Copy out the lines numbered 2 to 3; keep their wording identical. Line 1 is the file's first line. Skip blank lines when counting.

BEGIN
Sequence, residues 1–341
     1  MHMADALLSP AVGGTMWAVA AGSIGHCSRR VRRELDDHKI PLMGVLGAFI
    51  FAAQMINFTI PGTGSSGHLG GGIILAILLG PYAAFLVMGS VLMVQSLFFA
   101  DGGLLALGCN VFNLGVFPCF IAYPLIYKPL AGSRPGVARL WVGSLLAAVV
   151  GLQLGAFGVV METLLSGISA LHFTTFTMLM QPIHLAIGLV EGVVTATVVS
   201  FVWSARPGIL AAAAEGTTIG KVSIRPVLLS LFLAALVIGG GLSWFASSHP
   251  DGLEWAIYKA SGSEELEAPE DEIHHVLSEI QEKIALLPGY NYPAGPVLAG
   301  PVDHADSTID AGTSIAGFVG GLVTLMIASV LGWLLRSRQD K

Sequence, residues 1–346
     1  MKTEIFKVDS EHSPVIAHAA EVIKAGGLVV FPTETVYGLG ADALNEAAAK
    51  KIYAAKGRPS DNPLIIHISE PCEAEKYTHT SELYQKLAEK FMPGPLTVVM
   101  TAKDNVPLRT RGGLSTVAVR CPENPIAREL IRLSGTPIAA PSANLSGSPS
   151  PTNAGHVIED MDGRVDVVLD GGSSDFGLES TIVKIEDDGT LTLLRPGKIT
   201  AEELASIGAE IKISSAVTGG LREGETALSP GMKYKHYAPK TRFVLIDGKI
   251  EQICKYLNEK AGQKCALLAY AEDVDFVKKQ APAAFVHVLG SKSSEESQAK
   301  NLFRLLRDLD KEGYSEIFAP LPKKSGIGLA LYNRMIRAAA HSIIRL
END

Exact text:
     1  MHMADALLSP AVGGTMWAVA AGSIGHCSRR VRRELDDHKI PLMGVLGAFI
    51  FAAQMINFTI PGTGSSGHLG GGIILAILLG PYAAFLVMGS VLMVQSLFFA